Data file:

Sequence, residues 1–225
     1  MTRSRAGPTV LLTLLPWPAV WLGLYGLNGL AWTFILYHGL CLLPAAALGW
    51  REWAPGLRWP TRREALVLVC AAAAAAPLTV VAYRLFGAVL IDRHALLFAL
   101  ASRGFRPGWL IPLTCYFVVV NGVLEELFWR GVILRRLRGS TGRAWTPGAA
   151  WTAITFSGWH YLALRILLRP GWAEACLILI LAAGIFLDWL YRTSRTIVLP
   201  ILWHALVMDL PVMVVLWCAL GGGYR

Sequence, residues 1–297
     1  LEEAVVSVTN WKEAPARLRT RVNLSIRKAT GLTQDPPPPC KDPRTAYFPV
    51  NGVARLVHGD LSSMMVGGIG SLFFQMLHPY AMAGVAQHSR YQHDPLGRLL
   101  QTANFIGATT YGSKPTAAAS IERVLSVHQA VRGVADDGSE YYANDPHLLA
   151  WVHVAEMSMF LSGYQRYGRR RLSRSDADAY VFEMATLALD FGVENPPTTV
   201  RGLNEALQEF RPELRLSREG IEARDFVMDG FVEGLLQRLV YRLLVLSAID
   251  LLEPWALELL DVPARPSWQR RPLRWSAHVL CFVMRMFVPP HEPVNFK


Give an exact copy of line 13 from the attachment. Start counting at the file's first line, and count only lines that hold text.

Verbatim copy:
   251  LLEPWALELL DVPARPSWQR RPLRWSAHVL CFVMRMFVPP HEPVNFK